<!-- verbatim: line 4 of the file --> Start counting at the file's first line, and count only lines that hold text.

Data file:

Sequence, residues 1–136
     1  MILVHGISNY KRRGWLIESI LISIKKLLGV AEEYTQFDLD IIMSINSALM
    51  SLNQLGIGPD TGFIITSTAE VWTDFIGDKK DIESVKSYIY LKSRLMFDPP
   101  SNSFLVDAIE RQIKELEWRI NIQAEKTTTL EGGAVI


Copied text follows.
   101  SNSFLVDAIE RQIKELEWRI NIQAEKTTTL EGGAVI